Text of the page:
Roo is doing very well. I, on the other hand, have what I will euphemistically refer to as “things going on.” I feel happier now than I have in a while but pretty much the first nine months of my 31st year were rough. I was attacked by a feral pack of feelings and I had difficulty in fending them off. I still have problems with them at times but I am making progress in that area. Being an adult human female is hard sometimes.

A few weeks ago was my five-year placement anniversary. It was such a non-issue, you guys, you wouldn't even believe it. M texted me and we had a lovely conversation that way but most of my feelings on the 9th were about my dad because I’ve been missing him like crazy lately. Five years is a pretty good chunk of time for a birth mom, I think, and I thought that maybe I ought to write about my feelings about adoption these days. As I said before I think Roo’s adoption was the best thing in the world. But other than that, you know what? I don’t think about adoption that much. I just don’t.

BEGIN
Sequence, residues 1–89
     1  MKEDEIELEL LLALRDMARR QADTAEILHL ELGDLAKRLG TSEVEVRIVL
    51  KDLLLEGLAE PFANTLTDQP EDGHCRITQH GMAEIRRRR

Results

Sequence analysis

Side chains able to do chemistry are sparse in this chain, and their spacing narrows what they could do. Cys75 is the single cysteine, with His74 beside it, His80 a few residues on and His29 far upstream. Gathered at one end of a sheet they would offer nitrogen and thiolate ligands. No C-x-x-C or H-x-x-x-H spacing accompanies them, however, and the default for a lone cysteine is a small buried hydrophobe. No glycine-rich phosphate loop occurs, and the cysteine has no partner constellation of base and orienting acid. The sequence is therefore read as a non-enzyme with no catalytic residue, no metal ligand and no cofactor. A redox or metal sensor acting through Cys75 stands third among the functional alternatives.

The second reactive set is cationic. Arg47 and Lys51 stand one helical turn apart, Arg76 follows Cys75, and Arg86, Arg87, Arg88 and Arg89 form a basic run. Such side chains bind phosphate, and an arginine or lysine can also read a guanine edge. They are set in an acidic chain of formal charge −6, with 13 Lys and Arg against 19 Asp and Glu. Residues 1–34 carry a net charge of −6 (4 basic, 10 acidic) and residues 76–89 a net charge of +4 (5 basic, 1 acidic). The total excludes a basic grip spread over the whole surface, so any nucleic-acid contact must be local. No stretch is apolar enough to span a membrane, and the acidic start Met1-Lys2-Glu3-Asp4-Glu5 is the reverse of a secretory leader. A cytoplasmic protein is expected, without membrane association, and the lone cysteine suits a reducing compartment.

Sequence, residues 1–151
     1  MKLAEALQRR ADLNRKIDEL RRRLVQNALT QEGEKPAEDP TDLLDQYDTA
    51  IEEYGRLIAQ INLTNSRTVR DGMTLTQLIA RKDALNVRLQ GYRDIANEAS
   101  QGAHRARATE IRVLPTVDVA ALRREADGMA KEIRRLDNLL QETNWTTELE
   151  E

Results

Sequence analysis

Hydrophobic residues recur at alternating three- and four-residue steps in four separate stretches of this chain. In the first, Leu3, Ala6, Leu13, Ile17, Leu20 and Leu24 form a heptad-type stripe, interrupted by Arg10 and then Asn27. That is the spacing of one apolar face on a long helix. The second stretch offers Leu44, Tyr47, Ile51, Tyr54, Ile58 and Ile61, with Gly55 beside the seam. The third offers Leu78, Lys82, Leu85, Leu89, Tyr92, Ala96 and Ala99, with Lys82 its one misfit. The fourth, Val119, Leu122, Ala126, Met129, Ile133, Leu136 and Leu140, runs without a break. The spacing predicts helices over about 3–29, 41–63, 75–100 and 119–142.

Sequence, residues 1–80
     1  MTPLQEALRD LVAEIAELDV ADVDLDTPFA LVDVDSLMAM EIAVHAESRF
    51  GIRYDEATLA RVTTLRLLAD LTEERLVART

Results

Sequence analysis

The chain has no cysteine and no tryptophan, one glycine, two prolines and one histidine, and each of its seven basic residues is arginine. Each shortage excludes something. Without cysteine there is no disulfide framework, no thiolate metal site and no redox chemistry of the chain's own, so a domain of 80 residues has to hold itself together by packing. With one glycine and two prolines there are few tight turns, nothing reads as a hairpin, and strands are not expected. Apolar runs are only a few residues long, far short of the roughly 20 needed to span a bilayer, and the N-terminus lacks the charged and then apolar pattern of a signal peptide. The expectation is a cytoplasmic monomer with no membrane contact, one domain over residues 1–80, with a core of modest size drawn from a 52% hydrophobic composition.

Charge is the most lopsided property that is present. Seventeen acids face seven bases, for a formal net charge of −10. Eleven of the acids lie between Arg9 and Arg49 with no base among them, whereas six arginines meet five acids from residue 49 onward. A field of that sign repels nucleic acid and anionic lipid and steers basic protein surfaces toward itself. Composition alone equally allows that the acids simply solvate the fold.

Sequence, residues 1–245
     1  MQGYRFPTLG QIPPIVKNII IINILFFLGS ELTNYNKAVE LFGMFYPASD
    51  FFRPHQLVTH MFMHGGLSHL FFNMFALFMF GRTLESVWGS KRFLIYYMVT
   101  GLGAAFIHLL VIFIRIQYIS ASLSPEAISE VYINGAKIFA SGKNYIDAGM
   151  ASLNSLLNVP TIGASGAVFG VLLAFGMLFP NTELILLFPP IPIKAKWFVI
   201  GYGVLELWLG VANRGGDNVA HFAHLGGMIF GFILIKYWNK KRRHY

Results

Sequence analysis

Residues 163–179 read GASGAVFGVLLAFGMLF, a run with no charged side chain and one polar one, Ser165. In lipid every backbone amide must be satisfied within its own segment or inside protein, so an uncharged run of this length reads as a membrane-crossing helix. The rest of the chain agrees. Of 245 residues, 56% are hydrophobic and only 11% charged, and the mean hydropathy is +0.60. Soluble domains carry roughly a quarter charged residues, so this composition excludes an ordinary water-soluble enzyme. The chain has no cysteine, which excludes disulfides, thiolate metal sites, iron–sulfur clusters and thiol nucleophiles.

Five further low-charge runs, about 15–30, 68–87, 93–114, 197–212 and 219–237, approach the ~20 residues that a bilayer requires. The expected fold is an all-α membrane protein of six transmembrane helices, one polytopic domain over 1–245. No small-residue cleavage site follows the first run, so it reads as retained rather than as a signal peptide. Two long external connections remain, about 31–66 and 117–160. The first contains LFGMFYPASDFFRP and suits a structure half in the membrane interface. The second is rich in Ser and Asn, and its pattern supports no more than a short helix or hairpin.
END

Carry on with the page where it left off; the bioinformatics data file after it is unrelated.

I know a lot of birth moms who feel this lifelong connection to adoption. Many of them are in school for social work. Many of them spend a lot of their own time and money and a lot of effort in assisting expectant and birth parents, and I respect them so much for it. I’m just not one of them. I still talk at high schools on occasion but I don’t feel this deep need to make an adoption my life’s work. My inner 10-year-old wants to be a writer, thankyouverymuch, and and while adoption is a part of me because Roo is, my feelings are for her and her adoption, not every adoption and every person involved in adoption. I don’t feel the need to connect to a greater sisterhood of birth moms. It's not what I need at this point in my life. I have dear friends who are birth mothers but the ones I'm closest to get me on a level that has nothing to do with adoption and everything to do with who we are as human beings.